Guwahati: “The India-US relationship can be a pillar of stability in an increasingly unsteady and uncertain world”, said Pradeep S Mehta, Secretary General, CUTS International. 

He made the statement at a workshop organised by CUTS International under the Defense News Conclave Project, being implemented with the support of the US State Department (US Consulate Kolkata) and knowledge support from the US-India Business Council (USIBC). 

Pushan Das, India Head, Aerospace & Defense, USIBC gave brief introductory remarks and said he looked forward to furthering programmes being organised under this initiative. 

This workshop series aims at creating awareness about the importance of India-US defence relations, particularly in the context of contemporary developments in the Indo-Pacific region. 

The first workshop, titled “The Relevance of India-US Defense Relations in the Indo-Pacific”, saw distinguished panellists addressing thematic issues relating to Indo-Pacific geopolitics and geoeconomics, naval cooperation and maritime governance in the Indo-Pacific region. 

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Jyoti Malhotra, Senior Consulting Editor, ThePrint and event moderator, noted that the defence partnership underpins the India-US relationship. 

Sanjaya Baru, Distinguished Fellow, United Service Institution of India and Member, Management Board, CUTS International Washington DC Center, traced the historical arc of India-US defence relations. 

He observed that the strategic relationship with the US has always been intertwined with transactional and commercial aspects involving arms transfers and the sale of defence equipment. He cited the circumstances surrounding the 123 Agreement and India-US cooperation on civilian nuclear energy in this context.

Commodore Sujeet Samaddar, Founding Member, Society for Aerospace, Maritime and Defence Studies (SAMDeS) highlighted the prospects for greater India-US cooperation in defence services, including by establishing ship refurbishment and maintenance, repair and overhaul (MRO) facilities, which can benefit all Quad navies. 

Indranil Banerjie, Analyst, Foreign Policy and National Security Issues, emphasised the need for the Quad to deliver practical outcomes. In this context, the panellists discussed how the recently unveiled Indo-Pacific Maritime Domain Awareness initiative by the Quad is a step in the right direction.

The experts also cautioned that unless there is a greater degree of technology transfer between the two countries, the full potential of the partnership in areas like joint research and development cannot be tapped.

This also needs to be accompanied by hardware exchanges between the armed forces of the two sides to facilitate greater levels of interoperability.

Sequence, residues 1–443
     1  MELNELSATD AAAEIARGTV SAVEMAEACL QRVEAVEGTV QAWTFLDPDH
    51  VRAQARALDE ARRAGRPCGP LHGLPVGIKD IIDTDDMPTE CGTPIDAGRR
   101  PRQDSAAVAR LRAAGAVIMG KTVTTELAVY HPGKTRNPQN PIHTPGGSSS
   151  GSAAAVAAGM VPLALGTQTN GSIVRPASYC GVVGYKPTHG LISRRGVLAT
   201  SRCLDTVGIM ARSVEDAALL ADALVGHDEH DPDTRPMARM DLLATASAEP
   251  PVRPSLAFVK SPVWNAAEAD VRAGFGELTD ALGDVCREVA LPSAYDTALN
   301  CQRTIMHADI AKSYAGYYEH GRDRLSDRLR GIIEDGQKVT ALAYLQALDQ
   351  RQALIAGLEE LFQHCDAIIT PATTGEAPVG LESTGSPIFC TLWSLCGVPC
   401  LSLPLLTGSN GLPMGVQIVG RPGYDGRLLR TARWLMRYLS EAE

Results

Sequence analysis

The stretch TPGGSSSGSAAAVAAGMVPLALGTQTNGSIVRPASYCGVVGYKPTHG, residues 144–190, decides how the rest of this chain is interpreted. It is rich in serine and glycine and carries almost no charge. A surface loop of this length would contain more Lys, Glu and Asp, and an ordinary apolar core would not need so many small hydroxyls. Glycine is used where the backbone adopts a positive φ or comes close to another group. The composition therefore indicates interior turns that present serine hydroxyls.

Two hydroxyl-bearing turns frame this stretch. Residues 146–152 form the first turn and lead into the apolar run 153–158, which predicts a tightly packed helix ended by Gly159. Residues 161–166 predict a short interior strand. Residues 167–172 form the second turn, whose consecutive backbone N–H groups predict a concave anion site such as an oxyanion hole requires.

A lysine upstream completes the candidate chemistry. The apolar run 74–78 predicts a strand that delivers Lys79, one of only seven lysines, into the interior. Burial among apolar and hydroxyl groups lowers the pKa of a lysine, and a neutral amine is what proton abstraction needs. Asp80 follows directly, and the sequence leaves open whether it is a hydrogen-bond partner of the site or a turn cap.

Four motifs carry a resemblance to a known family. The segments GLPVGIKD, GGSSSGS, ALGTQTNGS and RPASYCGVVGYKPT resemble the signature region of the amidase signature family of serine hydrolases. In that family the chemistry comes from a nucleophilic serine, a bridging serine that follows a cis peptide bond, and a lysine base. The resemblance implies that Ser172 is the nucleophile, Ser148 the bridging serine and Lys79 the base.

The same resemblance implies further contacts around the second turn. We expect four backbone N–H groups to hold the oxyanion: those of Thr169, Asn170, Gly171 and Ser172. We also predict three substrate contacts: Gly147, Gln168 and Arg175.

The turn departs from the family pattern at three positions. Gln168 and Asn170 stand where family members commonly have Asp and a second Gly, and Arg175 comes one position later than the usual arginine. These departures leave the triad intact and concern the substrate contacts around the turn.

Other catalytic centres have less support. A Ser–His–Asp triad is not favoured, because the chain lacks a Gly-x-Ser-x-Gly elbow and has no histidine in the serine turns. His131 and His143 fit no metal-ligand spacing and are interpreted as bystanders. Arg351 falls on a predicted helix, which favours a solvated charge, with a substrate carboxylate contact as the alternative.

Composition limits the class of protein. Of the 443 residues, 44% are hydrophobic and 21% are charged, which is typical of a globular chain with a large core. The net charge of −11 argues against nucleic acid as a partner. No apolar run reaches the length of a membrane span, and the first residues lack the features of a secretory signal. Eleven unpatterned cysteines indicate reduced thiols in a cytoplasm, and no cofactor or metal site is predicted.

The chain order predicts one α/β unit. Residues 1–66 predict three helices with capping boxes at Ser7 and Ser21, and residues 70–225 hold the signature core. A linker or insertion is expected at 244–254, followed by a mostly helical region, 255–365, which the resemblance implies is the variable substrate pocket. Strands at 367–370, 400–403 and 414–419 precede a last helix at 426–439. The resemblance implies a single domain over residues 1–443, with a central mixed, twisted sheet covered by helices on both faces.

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With India’s approach to defence preparedness increasingly focusing on greater self-reliance and indigenisation along with technology transfers, the panellists discussed strategies and areas where greater American investments can be sought in ramping up India’s domestic defence manufacturing capacity. 

This becomes important since the U.S. increasingly sees India playing the role of a net security provider in the Indo-Pacific region, as was mentioned by Adrian Pratt, Public Affairs Officer, U.S. Consulate General Kolkata, in his remarks.

The panel acknowledged that the entry of Chinese forces into the Indian Ocean region had altered the strategic calculus. The capacity gaps between the navies in the Indo-Pacific and the People’s Liberation Army Navy (PLAN) are significant, and concerted efforts toward greater naval cooperation will be required to maintain a deterring maritime presence in the region.

The discussion also touched upon other relevant thematic areas – including the need for greater cooperation between India and the U.S. on aircraft carriers, nuclear-powered submarines and in the space domain, as well as the threat posed by climate change in the Indo-Pacific region, among others. 

The virtual session saw enthusiastic participation, with over fifty participants joining to hear experts deliberate on these issues. This was the first of a series of such workshops, which have been conceptualised as capacity-building sessions for media professionals so that they can have a more informed view of defence and strategic matters.

With its headquarters in Jaipur, India, CUTS International has regional centres in Accra, Lusaka and Nairobi covering West, Southern and East Africa. Besides them, it has centres in Hanoi, Geneva and Washington DC. In India, it has a regional centre in Kolkata, a rural development centre in Chittorgarh and a liaison office in New Delhi.

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